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26 April 2019

«I Go Through the World with an Open Mind»

von Tatjana Mehner

Dan Tanson in conversation with Tatjana Mehner

You develop musical-theatre formats for young audiences for some of Europe’s outstanding concert halls. What do you find especially attractive about this work?

Mainly that we can really reach these audiences. Every age level has its very own needs. While children of 13 and upwards no longer require a clear narrative line, but are very well able to let the music carry them along, the younger ones (between five and nine) need a clear story. Then again, the very youngest ones (aged two to four) are more likely to respond to playful situations in the present than to stories. It is important and fascinating to align our work with the horizon of experience the children may have at certain ages. I particularly enjoy finding the balance between entertaining and challenging an audience. My basic assumption is that children are always eager to learn and do not only want to be confronted with what they know already. It is healthy to take them to their limits, to a certain extent; yet it is equally important that no child is overwhelmed or left out.

That means that our work has to be particularly accurate. For me, children are the most wonderful audience I can imagine. They do not cling to formats or sequences, they are much more open-minded about what is presented, and that in turn makes it possible to deal much more freely with the music or any other material. I enjoy this freedom very much.

How do you keep finding subjects that children are enthusiastic about?

I go through the world with an open mind and have no prejudice whatsoever; I do not make a-priori judgments. Nor do I judge music: I see no problem with having equal esteem for Helene Fischer and Patricia Kopatchinskaya. It is important to me that art should be honest – I make no distinction between high culture and whatever. I can watch a high-end arthouse movie after a Disney film and enjoy both equally.

In this year’s children’s programme at the Philharmonie Luxembourg, you are responsible for the series «Boutchou» (with programmes for two- to four-year-olds) and «Musek erzielt» (with programmes for five- to nine-year-olds). Each approaches the audience in very different ways…

In one series, the story is told in Luxembourgish and the other is without words. With spoken language, of course we initially appeal to the children’s horizon of experience, consciously referring to the movie inside the listeners’ heads – the dramaturgy is oriented towards a story line. This is the case for «Musek erzielt». «Bout’chou», on the other hand, follows a situationist approach and is not bound by any story line. I always assume that little children live in the here and now; it would be futile to say to them: «Imagine we are in a field with snow everywhere.» They cannot find these things in a space which contains only chairs and theatrical lighting. It can develop there, but it has to happen in the here and now.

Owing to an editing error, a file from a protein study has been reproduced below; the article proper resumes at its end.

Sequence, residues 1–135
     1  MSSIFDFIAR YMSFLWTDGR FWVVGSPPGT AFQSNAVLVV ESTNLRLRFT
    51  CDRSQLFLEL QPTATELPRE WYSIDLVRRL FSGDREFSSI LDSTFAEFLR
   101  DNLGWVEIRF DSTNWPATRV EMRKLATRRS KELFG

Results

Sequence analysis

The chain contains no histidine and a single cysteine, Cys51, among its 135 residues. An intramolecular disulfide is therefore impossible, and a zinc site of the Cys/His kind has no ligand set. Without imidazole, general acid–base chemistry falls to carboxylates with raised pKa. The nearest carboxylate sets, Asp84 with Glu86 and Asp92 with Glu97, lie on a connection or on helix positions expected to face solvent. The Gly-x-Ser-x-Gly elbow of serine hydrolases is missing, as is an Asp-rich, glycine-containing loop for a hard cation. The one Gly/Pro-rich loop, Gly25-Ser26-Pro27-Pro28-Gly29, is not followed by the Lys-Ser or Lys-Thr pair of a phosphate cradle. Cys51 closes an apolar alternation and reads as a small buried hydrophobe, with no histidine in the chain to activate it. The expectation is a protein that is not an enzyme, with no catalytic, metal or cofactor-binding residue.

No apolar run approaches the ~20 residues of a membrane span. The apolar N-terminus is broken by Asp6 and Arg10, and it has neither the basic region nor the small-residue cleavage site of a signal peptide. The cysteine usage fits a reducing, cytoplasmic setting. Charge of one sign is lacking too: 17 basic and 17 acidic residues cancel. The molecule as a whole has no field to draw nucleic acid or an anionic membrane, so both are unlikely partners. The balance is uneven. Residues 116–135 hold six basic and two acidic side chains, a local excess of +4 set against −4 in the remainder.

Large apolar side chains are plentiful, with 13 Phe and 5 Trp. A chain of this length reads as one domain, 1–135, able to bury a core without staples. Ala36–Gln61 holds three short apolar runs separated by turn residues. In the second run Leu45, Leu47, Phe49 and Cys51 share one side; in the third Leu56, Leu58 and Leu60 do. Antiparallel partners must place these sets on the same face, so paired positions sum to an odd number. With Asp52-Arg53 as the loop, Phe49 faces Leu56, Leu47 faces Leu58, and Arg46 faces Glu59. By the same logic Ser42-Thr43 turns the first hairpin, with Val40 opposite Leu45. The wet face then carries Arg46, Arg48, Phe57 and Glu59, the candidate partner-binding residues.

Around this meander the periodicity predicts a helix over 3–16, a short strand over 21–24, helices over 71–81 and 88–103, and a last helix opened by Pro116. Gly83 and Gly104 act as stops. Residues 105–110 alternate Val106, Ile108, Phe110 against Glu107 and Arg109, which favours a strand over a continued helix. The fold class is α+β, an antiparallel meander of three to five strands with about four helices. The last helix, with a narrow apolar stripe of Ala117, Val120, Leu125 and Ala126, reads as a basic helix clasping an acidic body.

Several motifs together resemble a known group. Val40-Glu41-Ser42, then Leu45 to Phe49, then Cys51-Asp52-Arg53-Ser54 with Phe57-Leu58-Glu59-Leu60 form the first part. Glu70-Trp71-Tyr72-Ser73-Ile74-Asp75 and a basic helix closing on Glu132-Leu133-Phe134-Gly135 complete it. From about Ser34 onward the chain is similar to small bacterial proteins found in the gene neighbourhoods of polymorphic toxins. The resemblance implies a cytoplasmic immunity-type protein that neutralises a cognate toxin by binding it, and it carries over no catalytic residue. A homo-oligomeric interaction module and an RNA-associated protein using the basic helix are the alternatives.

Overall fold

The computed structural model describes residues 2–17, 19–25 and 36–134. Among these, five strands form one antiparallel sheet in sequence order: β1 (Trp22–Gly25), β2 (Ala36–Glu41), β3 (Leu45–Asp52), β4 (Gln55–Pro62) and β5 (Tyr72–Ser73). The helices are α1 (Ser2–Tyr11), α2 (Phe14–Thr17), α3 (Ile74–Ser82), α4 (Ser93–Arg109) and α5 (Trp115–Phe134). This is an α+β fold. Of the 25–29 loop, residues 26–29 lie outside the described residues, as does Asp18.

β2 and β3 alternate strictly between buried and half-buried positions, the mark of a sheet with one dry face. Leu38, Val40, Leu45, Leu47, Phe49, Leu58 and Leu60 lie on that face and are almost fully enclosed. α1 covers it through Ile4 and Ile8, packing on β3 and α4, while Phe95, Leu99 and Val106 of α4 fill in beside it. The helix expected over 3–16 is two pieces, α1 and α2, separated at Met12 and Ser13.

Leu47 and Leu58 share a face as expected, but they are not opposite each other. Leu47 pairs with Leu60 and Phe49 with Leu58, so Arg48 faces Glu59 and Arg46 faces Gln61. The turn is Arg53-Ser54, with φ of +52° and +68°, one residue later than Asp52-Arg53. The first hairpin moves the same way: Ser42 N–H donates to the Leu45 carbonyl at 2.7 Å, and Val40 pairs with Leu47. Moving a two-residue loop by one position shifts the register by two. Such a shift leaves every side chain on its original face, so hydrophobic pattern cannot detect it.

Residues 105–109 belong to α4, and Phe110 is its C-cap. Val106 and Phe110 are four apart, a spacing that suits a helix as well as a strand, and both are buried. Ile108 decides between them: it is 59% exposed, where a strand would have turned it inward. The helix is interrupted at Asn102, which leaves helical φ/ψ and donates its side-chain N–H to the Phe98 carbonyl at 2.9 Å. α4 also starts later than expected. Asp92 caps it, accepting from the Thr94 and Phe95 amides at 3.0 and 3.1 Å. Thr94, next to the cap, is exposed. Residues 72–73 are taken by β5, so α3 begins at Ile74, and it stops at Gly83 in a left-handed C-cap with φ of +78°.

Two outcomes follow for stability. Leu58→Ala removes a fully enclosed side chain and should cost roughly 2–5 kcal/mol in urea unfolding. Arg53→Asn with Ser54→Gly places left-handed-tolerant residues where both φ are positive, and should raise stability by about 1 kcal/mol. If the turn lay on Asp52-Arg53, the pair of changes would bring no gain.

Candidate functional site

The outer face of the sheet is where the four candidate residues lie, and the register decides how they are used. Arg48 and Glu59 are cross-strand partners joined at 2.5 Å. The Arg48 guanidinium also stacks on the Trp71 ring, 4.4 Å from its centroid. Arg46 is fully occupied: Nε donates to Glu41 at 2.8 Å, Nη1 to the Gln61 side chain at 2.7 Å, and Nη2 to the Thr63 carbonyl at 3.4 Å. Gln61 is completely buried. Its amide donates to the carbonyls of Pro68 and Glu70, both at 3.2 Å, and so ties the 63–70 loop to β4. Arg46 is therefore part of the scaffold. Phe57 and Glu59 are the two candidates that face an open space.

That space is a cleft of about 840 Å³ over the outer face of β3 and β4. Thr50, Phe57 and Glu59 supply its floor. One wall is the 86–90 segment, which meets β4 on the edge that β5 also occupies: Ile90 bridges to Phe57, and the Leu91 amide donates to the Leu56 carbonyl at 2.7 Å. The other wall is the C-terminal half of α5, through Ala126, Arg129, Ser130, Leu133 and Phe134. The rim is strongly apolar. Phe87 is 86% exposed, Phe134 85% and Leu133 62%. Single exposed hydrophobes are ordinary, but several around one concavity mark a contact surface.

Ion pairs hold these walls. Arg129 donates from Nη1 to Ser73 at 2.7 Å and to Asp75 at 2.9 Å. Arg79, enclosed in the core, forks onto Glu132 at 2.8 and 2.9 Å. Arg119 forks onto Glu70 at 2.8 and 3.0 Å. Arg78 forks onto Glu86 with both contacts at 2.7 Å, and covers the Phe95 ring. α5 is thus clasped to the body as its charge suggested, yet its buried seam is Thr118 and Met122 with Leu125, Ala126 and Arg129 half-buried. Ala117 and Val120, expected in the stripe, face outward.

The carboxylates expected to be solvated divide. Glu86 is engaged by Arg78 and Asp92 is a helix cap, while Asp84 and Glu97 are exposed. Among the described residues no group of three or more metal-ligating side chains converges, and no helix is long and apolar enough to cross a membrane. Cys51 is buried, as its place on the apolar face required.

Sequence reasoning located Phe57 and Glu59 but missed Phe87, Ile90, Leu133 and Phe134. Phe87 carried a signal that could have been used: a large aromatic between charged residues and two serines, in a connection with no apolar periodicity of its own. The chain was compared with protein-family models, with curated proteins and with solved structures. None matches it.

On the other hand, you can certainly say these things to the slightly older children to whom «Musek erzielt» caters. They have a richer trove of experience and stories. They can call up a snowy landscape, perhaps because they have seen Frozen or have been sledging themselves.

How would you describe your working method?

For «Musek erzielt», I always find the story first. One main characteristic of my work is that I always seek encounters with other art forms. To me, there is always a trio of basic elements: words-music-images. These three are able to create real movies inside the listeners’ heads. I would like the listeners to develop their own stories, and I don’t like dictating. In the case of «Bout’chou», on the other hand, I tend to develop the action from the material. Again, I have a trio of elements, but instead of words, here we have materials. The trio leads to a situation from which a story can develop. I think that the success of «Bout’chou» is based on teamwork.

The audience, however, consists not only of children, but also their accompanying adults. Do you focus on them as well?

Basically, our audience consists of about 50 percent adults. I think it’s important that they should have as much fun as the children. And that is possible if everyone comes up with their own images, based on their own associations. I always do a double check: what do I see as an adult, and what would a child read in this? This double meaning is what I try to convey to the ensemble.

Dan Tanson: Musek erzielt | Gusti Minettsdapp & Aucassin et Nicolette | photos: Sébastien Grébille

Your work takes you all over Europe. How does your work in Luxembourg compare?

I have to say that at the moment, the audience here is the best anywhere. That was not always the case. I have been observing this for about five years, and I think it is the result of a development that began in 2005, when the Philharmonie opened. I have been part of this from the beginning; in 2006 I staged the first children’s piece at the Philharmonie. At that time, the children hardly had a relationship with music, and parents all but brought popcorn to the concerts. During the past five years or so, I have noticed that now we really have children and parents who come because they want to hear music. The listening process has actually changed. We have an open-minded and quality-conscious audience here now. And I know that there are parents who have found their own way into the world of classical music through their children, and now attend concerts.

Concerts